Instead of forcing your marketing and R&D to meet certain percentage targets of new launches, most of which will be destined to failure according to latest statistics, why not review your current offers with new eyes?

If you truly understand your customers, you will quickly find small changes that can make a significant impact on customer satisfaction and loyalty, when you take their perspective. And as an added bonus, if it solves a frustration of theirs, it might even bring you increased profits, since the perceived value will be higher than the cost.

RECOMMENDED ACTION: Download the free "Secrets of Innovation" eBook by completing the form on the right-hand side of this page.

 

#8. “A brand for a company is like a reputation for a person. You earn reputation by trying to do hard things well.” Jeff Bezos (>>Click to Tweet<<)

In the past, most companies were more concerned with the reputation of their brands than they were with that of their company, other than with investors. As consumers become interested in knowing and adhering to the policies of the companies behind the brands they buy, it is vital to manage your image from both perspectives.

In addition, if your company is the brand as is the case of Coca-Cola or Red Bull, then this is vital to follow very closely. The same applies for any organisation that is considering adding their company name more prominently to their packaging.

RECOMMENDED ACTION: Review whether there are differences between your company and brand images and whether they are complementary. And book a 1-Day Catalyst Training Session to ensure you are measuring the right metrics to optimise your images.

 

#9. “The journey of a thousand miles must begin with a single step.” Chinese Proverb (>>Click to Tweet<<)

Today’s customers often have more complex paths to purchase in many categories than they did in the past, so thinking of the simple awareness to loyalty funnel becomes less relevant.

In order to understand the purchasing of your brand, think information integration, as customers are becoming as savvy about products as they are about themselves. They seek out information based on the size of their budget and take the time needed to make what they consider to be an informed decision.

RECOMMENDED ACTION: Check whether you are in every relevant touchpoint with appropriate information for them. Learn more about optimising your communications HERE.

 

#10. “However beautiful the strategy, you should occasionally look at the results.” Winston Churchill (>>Click to Tweet<<)

If your world has changed then so should the metrics you use to manage the business. Annual reviews of your KPIs should be made, if not even more frequently.

Also, review last year’s business results in comparison to the metrics you have been following. Were you correctly assessing the environment, the market and customer behaviour? If not, then it's probably time to update your KPIs.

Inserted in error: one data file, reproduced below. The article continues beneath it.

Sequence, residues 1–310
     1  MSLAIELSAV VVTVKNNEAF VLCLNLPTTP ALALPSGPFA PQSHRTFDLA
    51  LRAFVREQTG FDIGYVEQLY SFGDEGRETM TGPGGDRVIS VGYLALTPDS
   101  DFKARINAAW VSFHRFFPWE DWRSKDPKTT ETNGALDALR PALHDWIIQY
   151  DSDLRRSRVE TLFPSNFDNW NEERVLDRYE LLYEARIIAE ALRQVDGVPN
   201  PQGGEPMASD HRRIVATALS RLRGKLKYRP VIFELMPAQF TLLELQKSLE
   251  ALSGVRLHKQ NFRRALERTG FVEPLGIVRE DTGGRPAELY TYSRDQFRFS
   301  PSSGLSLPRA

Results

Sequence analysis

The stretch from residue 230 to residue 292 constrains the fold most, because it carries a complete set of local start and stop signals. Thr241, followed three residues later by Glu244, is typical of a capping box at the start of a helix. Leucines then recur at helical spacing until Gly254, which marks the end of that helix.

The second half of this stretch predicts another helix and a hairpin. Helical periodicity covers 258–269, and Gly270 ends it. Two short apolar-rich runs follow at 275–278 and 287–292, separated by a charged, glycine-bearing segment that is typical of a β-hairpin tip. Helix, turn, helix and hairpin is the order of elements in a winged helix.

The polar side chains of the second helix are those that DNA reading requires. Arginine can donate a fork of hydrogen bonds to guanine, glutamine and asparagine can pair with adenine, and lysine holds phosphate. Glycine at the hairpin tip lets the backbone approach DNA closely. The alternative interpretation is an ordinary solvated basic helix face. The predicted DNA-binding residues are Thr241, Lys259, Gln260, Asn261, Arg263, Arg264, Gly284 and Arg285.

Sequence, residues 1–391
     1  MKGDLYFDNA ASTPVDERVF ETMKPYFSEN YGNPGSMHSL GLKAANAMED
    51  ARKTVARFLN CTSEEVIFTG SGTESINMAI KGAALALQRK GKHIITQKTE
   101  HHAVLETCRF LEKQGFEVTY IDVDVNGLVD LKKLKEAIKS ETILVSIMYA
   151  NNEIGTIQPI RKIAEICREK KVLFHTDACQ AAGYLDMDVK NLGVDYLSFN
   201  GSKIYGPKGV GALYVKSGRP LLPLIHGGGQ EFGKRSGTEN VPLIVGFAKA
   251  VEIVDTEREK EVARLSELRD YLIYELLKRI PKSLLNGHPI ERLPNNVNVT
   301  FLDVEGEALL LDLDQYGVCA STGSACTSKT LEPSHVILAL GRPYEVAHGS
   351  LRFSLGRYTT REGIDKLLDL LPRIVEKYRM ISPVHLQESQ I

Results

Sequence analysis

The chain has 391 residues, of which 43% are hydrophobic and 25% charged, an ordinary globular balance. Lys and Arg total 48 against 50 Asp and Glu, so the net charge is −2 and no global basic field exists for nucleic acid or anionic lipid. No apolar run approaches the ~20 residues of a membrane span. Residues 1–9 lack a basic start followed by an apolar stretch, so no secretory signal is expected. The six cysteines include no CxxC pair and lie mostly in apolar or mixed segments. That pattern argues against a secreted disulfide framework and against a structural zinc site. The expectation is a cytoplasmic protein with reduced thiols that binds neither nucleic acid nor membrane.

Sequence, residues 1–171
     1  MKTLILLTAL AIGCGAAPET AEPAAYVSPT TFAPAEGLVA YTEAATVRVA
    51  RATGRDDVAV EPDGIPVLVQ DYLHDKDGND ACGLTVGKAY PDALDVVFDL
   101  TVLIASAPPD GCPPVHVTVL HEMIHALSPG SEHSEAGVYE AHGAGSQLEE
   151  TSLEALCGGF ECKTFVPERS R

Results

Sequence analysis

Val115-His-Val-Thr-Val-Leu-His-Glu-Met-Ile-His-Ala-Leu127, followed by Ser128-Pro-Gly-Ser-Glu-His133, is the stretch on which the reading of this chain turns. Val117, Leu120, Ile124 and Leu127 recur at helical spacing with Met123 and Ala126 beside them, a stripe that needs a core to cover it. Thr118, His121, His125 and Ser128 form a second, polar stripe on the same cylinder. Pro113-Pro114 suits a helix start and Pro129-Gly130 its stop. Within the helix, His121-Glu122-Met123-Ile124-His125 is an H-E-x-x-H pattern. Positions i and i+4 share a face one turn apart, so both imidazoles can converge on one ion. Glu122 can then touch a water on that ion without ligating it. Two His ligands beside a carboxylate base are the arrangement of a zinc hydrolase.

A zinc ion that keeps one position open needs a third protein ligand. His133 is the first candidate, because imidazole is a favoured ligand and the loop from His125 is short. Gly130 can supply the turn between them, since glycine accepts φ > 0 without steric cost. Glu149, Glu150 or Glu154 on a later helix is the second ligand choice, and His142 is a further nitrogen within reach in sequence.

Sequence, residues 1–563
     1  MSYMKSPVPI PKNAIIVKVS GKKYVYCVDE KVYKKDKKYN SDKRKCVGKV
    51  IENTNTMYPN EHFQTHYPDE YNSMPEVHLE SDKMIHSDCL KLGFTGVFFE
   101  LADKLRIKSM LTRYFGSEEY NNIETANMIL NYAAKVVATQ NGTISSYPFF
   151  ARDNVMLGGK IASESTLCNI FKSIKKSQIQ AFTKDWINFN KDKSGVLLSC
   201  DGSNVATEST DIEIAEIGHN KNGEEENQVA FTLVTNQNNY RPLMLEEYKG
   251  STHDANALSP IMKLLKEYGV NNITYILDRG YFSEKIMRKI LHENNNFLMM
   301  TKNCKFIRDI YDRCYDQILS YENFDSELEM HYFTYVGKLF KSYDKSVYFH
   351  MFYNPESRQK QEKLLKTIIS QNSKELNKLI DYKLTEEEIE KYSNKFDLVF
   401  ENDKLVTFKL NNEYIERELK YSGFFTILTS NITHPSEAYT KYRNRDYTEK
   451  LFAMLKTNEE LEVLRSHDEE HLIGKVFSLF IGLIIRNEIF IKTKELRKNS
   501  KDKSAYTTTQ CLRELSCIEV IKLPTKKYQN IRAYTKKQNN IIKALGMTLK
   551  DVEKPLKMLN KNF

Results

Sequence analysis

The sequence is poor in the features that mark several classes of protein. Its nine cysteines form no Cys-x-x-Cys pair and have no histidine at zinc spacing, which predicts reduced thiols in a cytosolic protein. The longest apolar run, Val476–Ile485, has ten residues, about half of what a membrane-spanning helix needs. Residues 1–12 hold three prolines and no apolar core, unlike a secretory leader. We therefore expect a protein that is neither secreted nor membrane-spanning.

RECOMMENDED ACTION: Review and refine your KPIs. Find out more in Chapters 37-38 of "Winning Customer Centricity."

 

#11. “The fear of being wrong is the prime inhibitor of the creative process.” Jean Bryant

Do you embrace entrepreneurship in your organisation? What happens when someone fails whilst trying something new? The more accepting you are of relevant trial and error exercises, the more likely it will be that your employees will share their more creative ideas.

If failure is punished, then they will be reluctant to try or even propose new things and your business will stagnate. This is a great time to review your ways of compensating creativeness as well as how you share learnings from failures.

RECOMMENDED ACTION: Download the FREE "Secrets to Actionable Insights" below.


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#12. “Where is the wisdom we have lost in knowledge? Where is the knowledge we have lost in information.” T S Eliot

Do you ever take decisions based on information or knowledge? If so then perhaps you should reconsider your insight development process.

While information and knowledge are essential to a deeper understanding of your customers, it is only when you have integrated everything you know and understand about them, that you can begin to develop insights that will positively impact your customers’ behaviour.

RECOMMENDED ACTION: Sign up for a 1-Day Catalyst Training Session on "Insights to Action" or "Insights to Impact." More information HERE.

 

Storytelling#13. “If you can’t sum up the story in a sentence, you don’t know what you’re talking about.” Garr Reynolds

Taking the decision to share information and understanding in a new way through storytelling, will have a profound impact on the way your employees think and remember the essential understandings of your customers.

Before every presentation ask yourself what is the one sentence that sums up everything you want to share.

If you can't come up with one, then perhaps you don't know what you're talking about, or perhaps you just need more time to practice.

RECOMMENDED ACTION: Read Chapters 45-47 in "Winning Customer Centricity."

 

So there you have thirteen marketing quotes that will excite and inspire most people. And because I promised you a bonus if you read to the end, here is one more which aptly sums up all the others.

It is the one message out of all these marketing quotes from Charles Darwin which remains vital to remember in this awesomely changing world we live in.

“It is not the strongest of the species that survive, nor the most intelligent, it is those most responsive to change”